Chemicals and materials
Fluorescamine was purchased from Invitrogen (Carlsbad, CA). HS-PEG5000-NH2 (M.W. ≈ 5,000) and HS-PEG20000-NH2 (M.W. ≈ 20,000) were purchased from Laysan Bio (Arab, AL), HS-PEG3000-NH2 (M.W. ≈ 3,000) was obtained from Rapp Polymere GmbH (Tübingen, Germany). 1,4,7,10-Tetraazacyclodocecane-1,4,7,10-tetreaacetic acid mono (N-hydroxysuccinimide ester) (DOTA-NHS, ≥90%) was obtained from Macrocyclics (Dallas, TX). The Kaiser test kit was obtained from Fluka (Buchs, Switzerland). Fluorescein isothiocyanate (FITC, ~98%), Chelex 100 resin (50–100 mesh), copper(II) chloride (CuCl2, ~99.9%), gold(III) chloride trihydrate (HAuCl4·3H2O, ≥99.0%), sodium borohydride (NaBH4, 99%), L-ascorbic acid (>99%), silver nitrate (AgNO3, >99%), poly(vinyl pyrrolidone) (PVP, M.W. ≈ 55,000), cetyltrimethylammonium bromide (CTAB, ≥99%), cetyltrimethylammonium chloride (CTAC, ≥98%), and 1,10-phenanthroline ethylenediaminetetraacetic acid (EDTA, ≥99%) were all obtained from Sigma-Aldrich (St. Louis, MO). All the chemical reagents were used as received. Water with a resistivity of 18 MΩ·cm was prepared using a E-Pure filtration system from Barnstead International (Dubuque, IA). The water and buffer solutions used for Cu2+ labeling were treated with Chelex 100 overnight prior to use.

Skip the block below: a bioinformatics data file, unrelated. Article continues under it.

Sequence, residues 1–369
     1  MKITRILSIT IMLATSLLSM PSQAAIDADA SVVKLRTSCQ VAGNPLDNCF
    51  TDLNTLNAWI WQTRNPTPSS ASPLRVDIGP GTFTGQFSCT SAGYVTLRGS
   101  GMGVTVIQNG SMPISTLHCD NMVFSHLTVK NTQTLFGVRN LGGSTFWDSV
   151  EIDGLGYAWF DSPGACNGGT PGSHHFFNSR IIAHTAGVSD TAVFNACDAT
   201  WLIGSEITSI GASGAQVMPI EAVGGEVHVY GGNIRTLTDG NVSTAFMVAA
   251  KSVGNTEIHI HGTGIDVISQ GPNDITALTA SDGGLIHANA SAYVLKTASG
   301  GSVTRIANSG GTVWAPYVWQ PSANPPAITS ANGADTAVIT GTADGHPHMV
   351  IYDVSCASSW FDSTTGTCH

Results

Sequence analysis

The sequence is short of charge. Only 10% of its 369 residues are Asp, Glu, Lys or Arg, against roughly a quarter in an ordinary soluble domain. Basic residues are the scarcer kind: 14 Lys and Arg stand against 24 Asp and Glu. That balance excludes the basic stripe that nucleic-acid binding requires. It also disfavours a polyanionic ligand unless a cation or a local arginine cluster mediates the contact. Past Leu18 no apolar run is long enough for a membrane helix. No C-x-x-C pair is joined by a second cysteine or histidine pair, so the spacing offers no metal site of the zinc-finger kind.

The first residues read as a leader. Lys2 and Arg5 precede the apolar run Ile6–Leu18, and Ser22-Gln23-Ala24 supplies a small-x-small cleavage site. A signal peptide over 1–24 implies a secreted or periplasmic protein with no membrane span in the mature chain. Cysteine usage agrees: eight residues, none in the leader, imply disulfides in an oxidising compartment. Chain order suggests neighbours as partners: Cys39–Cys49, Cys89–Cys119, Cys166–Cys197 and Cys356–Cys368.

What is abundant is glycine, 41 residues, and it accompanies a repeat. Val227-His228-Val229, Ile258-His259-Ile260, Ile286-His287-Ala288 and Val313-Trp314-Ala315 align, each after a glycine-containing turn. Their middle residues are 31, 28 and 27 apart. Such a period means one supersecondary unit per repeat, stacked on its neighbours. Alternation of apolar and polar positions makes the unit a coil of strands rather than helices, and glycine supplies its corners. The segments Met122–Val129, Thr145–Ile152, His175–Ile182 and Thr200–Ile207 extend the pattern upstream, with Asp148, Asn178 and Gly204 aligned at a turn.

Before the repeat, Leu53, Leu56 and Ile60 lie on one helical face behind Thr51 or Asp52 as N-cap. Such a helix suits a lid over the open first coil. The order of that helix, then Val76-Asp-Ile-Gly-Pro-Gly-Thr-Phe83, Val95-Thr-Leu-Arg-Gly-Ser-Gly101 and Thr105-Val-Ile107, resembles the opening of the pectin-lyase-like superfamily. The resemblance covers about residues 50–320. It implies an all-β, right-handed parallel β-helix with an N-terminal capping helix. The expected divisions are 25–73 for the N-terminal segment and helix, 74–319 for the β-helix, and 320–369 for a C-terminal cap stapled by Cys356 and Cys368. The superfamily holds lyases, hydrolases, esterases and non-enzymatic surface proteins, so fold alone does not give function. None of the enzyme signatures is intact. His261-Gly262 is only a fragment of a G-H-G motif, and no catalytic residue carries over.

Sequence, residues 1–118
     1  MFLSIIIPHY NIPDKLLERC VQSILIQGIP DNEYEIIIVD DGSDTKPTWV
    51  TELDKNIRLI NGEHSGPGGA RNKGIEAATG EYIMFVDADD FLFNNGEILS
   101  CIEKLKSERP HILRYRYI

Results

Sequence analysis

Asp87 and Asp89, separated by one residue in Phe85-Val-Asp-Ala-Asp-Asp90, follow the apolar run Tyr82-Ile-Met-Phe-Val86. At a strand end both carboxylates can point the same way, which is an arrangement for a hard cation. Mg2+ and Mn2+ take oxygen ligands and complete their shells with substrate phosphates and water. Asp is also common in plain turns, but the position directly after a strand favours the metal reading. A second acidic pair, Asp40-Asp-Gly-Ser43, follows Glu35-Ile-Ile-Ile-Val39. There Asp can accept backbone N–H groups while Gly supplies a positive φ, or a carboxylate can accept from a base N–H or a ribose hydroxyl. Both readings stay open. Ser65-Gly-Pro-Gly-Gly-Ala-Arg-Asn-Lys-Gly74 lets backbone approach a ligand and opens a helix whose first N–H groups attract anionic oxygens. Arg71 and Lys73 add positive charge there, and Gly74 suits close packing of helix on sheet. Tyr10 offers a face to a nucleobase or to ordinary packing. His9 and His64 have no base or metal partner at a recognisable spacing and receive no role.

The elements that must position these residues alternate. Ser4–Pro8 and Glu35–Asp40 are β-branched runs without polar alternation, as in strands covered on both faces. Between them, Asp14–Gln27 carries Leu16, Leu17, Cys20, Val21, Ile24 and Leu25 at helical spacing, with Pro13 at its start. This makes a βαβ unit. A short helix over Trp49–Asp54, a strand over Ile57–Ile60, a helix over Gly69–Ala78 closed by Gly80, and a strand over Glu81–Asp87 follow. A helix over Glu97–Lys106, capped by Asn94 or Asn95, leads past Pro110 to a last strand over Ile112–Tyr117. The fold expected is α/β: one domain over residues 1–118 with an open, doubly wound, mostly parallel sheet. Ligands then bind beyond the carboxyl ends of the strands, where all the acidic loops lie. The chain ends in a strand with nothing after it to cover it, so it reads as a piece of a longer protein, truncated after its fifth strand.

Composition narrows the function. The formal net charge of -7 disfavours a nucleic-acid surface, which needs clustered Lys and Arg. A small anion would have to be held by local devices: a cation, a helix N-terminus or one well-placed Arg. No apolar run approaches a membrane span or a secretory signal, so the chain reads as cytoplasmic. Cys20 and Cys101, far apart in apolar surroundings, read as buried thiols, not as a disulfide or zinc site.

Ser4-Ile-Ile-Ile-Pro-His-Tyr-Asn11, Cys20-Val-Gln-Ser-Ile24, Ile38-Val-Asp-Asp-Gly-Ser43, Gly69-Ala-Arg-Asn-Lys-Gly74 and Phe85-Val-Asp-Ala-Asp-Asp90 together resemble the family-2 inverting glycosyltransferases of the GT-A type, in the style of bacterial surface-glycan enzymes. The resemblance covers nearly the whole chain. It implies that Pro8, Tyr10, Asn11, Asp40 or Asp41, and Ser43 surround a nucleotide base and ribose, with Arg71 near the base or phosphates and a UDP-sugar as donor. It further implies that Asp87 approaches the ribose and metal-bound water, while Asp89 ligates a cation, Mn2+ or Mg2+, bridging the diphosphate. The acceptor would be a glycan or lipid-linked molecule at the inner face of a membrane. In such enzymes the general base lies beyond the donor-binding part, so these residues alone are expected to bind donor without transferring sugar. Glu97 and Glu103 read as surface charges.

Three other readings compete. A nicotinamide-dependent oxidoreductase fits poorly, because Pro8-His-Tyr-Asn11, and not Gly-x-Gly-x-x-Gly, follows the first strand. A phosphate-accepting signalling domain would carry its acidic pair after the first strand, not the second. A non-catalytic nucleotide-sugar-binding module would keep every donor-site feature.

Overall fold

Synthesis of Au Nanostructures
The 30-, 50-, and 60-nm AuNCs covered by PVP were synthesized using a published procedure.51
The 40-nm AuNPs capped by CTAC were prepared using a recently reported, two-step procedure.52
Synthesis of the 42-nm AuNPs capped by citrate ions was conducted using the citrate reduction method.53
The AuNRs capped by CTAB were prepared using the procedure reported by El-Sayed and coworkers.54
PEGylation of Au Nanostructures with HS-PEG-NH2